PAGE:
The access check cache quota and access check cache bucket count options control the number of entries and number of hash buckets used for access check result cache. For more information, see access check cache Options.
Central Management Servers
SQL Server 2008 introduces a new method of administering multiple servers by enabling you to designate Central Management Servers. An instance of SQL Server that is designated as a Central Management Server maintains a list registered servers. For more information, see Administering Multiple Servers Using Central Management Servers.
Dynamic Management Views
There are five new dynamic management views to present memory information:
The sys.dm_os_sys_info dynamic management view has discontinued the cpu_ticks_in_ms column, and has added two new columns, sqlserver_start_time_ms_ticks and sqlserver_start_time.
Hot Add CPU
SQL Server 2008 supports dynamically adding CPUs to a running system. Adding CPUs can occur physically by adding new hardware, logically by online hardware partitioning, or virtually through a virtualization layer. For more information, see Hot Add CPU.
Optimize for ad hoc workloads Option
The optimize for ad hoc workloads option is a new server configuration option used to improve the efficiency of the plan cache for workloads that contain many single use ad hoc batches. When this option is set to 1, the Database Engine stores a small compiled plan stub in the plan cache when a batch is compiled for the first time, instead of the full compiled plan. This helps to relieve memory pressure by not allowing the plan cache to become filled with compiled plans that are not reused. For more information, see Setting Server Configuration Options.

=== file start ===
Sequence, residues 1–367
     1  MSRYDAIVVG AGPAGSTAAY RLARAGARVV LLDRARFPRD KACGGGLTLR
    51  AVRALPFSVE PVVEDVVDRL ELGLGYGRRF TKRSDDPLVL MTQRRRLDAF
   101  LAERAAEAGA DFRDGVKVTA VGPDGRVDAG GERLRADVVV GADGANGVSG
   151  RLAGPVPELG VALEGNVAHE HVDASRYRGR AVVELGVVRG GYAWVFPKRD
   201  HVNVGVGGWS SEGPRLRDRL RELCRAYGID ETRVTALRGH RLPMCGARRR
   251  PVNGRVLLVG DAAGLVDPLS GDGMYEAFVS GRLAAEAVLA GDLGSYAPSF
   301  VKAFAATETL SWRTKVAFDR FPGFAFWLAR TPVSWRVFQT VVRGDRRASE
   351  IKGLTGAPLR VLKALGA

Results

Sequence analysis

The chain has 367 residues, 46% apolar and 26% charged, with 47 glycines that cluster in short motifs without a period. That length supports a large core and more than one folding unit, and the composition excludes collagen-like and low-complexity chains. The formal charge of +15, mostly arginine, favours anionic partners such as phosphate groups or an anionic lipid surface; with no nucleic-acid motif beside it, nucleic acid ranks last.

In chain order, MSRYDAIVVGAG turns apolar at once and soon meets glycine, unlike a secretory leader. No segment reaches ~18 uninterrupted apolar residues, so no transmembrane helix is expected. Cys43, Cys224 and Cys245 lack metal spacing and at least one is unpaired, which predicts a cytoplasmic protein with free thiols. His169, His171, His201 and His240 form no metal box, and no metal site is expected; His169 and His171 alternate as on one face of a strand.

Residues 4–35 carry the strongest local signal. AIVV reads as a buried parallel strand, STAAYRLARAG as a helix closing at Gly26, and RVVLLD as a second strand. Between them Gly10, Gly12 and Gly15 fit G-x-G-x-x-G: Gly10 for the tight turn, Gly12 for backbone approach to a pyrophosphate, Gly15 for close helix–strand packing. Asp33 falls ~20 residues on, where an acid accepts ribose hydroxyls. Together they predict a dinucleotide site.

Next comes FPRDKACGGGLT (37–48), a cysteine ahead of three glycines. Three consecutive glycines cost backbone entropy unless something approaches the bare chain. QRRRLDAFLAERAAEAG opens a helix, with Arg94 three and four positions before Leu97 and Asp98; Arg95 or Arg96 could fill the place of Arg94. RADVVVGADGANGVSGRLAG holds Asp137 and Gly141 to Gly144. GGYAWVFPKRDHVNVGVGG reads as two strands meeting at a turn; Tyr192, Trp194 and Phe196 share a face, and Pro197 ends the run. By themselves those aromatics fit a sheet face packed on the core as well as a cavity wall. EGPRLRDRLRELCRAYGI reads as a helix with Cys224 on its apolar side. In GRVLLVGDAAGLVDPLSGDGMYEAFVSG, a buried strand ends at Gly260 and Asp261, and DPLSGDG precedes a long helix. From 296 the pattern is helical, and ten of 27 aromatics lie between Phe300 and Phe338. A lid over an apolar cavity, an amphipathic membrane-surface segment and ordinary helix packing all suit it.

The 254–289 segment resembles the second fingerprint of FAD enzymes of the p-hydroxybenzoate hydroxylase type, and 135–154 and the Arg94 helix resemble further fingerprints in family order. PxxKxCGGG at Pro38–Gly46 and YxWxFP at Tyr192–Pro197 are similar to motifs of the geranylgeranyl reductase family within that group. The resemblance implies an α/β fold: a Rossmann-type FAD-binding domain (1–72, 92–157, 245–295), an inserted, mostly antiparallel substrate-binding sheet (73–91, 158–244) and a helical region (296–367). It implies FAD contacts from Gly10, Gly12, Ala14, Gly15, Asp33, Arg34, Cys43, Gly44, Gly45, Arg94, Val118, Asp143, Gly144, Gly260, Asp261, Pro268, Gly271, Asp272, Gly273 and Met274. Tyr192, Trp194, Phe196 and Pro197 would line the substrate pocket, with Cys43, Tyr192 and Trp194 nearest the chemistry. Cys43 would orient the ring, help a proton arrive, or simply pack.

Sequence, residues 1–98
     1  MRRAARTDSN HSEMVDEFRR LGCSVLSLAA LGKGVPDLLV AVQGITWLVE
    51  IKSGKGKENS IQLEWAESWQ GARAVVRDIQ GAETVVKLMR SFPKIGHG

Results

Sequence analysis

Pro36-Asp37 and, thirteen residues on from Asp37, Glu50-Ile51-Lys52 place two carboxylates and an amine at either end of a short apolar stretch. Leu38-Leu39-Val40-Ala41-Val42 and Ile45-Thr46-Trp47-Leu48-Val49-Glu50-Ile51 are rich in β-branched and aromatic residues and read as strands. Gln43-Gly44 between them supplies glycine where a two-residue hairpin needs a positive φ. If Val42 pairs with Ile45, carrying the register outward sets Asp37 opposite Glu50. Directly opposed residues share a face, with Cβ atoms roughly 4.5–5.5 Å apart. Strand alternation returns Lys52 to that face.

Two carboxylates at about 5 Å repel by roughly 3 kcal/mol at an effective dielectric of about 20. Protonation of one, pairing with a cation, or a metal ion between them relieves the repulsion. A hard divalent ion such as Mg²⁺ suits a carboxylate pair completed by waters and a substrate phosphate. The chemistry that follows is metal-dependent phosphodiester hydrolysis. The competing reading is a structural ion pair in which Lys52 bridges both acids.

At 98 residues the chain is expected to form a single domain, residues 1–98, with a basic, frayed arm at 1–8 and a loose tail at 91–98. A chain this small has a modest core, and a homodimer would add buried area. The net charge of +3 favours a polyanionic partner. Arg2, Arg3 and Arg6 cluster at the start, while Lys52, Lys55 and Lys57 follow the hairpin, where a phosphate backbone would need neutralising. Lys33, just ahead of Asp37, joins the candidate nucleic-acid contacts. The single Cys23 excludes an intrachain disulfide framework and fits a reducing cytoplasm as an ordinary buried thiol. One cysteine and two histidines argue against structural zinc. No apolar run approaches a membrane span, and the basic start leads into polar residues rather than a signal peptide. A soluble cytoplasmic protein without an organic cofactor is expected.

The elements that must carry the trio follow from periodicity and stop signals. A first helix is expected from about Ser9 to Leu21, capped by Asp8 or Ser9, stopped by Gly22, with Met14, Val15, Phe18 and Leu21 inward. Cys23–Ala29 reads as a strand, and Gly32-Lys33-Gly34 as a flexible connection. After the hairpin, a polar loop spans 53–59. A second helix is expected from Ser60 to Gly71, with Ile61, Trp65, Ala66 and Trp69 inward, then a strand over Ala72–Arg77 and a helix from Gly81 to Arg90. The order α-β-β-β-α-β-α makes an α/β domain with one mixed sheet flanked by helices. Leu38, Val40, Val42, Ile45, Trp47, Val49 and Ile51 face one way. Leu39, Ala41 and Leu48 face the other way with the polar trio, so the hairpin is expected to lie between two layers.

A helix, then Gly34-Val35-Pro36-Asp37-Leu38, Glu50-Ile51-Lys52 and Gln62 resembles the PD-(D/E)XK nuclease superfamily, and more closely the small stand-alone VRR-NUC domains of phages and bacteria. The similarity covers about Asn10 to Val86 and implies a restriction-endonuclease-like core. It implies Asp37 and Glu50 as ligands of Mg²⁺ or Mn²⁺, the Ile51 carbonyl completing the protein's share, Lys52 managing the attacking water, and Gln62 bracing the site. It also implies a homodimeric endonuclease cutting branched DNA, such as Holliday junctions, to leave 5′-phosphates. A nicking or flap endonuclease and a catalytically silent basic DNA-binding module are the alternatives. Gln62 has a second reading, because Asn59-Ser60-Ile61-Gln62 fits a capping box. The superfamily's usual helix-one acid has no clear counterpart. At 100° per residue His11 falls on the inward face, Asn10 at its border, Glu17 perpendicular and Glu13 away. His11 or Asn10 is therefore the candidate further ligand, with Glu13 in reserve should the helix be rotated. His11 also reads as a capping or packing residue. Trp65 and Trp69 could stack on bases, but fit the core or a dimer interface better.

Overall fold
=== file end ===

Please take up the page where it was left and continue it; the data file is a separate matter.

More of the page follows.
Resource Governor is a feature that you can use to manage SQL Server workload and system resource consumption. Resource Governor enables you to limit the amount of CPU and memory that incoming application requests can use. For more information, see Managing SQL Server Workloads with Resource Governor.
SQL Server Extended Events
SQL Server 2008 introduces SQL Server Extended Events, an event infrastructure for server systems. This release of Extended Events enables you to open windows into the run time of the host process by using events as trace points. Those events can then be aggregated in memory, sent to a file, or output to Event Tracing for Windows (ETW). For more information, see Introducing SQL Server Extended Events.